Plus, the weather forecast at this time of year can always be iffy (a new storm is a-comin!).

If you live in the area and want to watch my babies until I can get there let me know.  Or, if you're not doing anything and want to meet me partway let me know that too.  As I say - I really don't want to drive 3,000 miles next week but realistically I don't see many other options.

As I drove back to my office after my dermatologist appointment today I spent some time thinking about the relationships in my life, both in the past and at the moment.  I think there's a tendency to want everything-you-could-ever-want in one person.  Realistically, I don't think that happens all that much.  And even when it does, the passage of time can change it.

One of the things I like about YouTube is finding people doing interesting things.  Here's a woman singing a cover of a Matchbox Twenty song.  I love her voice, her piano playing, her general sense of "presence", and most of all the way she interprets the song.

There are people in my life that I've loved at prior stages of their lives (and mine) more than I do now.  The shifting sands of time, needs, life experience, and maturity make it seem sort of like surfing.  Enjoy standing up on the board while you can because eventually either a big wave or no wave at all will take you down.

I feel fortunate to have a number of key people in my life who I can turn to for various deeper needs.  I haven't found one person who seems to have all the complicated traits/attributes/skills that satisfy my deeper emotional and spiritual needs at any point in time, and I'm ok with that.   I've got dear friends who I can turn to when I need to talk about deeper stuff, others who can provide strength, others who with whom I feel there is equal investment, and still others who have become like sisters.  Many friends cross several of these boundaries.  I've got places to go when I need to disappear.  I've got people who have shown me amazing kindnesses and to whom I feel forever indebted.  And, the best thing is, I continue to meet more people like that.  When you're open to possibility it's amazing what the Universe can provide!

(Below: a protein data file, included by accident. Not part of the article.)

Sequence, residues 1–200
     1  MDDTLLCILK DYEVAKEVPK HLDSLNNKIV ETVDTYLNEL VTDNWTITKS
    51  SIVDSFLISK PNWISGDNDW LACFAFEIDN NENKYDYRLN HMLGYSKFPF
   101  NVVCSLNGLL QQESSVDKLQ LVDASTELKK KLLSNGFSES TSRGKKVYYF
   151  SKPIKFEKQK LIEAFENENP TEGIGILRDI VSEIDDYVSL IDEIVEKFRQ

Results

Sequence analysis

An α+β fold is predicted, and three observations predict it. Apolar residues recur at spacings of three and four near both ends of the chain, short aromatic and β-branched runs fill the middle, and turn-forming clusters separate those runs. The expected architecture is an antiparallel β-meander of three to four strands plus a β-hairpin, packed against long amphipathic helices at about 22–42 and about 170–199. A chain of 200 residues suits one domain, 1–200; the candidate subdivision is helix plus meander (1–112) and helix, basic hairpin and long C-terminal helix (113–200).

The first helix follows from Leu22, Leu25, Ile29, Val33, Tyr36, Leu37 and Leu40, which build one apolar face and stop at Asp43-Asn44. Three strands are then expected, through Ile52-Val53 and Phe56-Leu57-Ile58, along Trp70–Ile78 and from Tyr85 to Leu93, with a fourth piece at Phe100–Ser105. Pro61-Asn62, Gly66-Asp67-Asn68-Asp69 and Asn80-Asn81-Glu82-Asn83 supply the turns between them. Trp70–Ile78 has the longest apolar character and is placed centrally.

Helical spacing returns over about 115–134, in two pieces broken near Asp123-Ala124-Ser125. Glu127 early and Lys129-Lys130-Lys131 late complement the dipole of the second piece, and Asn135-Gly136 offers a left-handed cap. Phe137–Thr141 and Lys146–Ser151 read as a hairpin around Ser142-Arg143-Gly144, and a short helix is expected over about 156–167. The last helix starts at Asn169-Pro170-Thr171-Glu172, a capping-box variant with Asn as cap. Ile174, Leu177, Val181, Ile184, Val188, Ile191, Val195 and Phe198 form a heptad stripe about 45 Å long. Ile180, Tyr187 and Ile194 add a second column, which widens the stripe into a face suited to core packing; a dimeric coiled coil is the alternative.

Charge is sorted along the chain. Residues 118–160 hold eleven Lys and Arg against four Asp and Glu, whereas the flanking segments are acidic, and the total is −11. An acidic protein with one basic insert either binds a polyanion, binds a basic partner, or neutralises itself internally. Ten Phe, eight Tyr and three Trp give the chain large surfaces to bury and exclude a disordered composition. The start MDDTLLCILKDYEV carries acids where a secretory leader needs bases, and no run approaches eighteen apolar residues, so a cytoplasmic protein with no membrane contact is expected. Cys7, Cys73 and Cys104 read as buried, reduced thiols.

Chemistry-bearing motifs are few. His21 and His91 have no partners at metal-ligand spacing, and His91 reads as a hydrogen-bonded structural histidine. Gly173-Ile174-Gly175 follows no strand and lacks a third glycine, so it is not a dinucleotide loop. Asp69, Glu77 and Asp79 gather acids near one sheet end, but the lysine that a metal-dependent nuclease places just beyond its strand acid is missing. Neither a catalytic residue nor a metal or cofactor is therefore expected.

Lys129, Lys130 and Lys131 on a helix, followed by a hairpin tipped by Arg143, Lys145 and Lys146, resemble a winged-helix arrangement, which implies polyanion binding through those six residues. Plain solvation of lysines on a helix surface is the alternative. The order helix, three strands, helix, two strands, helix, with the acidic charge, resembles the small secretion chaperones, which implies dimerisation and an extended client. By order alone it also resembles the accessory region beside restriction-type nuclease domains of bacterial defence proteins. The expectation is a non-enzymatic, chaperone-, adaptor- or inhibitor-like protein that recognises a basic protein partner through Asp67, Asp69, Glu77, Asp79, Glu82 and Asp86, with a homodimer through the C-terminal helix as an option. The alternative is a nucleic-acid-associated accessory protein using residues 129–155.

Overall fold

My son used to tell me that I know the coolest people, and I have to agree.  I do.

Some have expressed concern that my writing seems a bit  "down" lately and I assure you I'm really not all that down.  I have my moments, mind you, but then again we all do.  I only share a small part of my life here so the picture into my world is a very limited one.  There's lots going on.  Lots and lots and lots.  My days are very full.  There are long hours, and my life in general is admittedly out of balance at the moment.  That's ok.  I recognize it, and I'll pull it all back again.  It's not forever.  Nothing is forever.

Speaking of relationships, I noticed that Facebook added some new Relationship Types: Civil Unions and Domestic Partnerships (story here).  It seems that simply adding "Partner" would be appropriate as well - maybe in the next go-around....